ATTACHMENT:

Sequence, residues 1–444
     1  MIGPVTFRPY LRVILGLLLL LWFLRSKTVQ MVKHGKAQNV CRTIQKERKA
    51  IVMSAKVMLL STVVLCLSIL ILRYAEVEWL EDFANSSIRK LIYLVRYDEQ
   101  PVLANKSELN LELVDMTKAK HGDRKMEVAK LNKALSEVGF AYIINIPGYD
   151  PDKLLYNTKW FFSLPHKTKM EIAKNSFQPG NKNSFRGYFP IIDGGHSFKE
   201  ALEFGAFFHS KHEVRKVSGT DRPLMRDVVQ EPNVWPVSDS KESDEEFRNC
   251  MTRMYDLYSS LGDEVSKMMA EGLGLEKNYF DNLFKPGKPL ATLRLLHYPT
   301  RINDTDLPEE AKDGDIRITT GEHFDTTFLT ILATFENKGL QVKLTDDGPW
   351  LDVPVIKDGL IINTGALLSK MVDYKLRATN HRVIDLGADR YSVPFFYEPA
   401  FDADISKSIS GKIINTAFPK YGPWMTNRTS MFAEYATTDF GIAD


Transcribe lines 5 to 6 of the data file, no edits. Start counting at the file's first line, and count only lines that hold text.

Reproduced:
   151  PDKLLYNTKW FFSLPHKTKM EIAKNSFQPG NKNSFRGYFP IIDGGHSFKE
   201  ALEFGAFFHS KHEVRKVSGT DRPLMRDVVQ EPNVWPVSDS KESDEEFRNC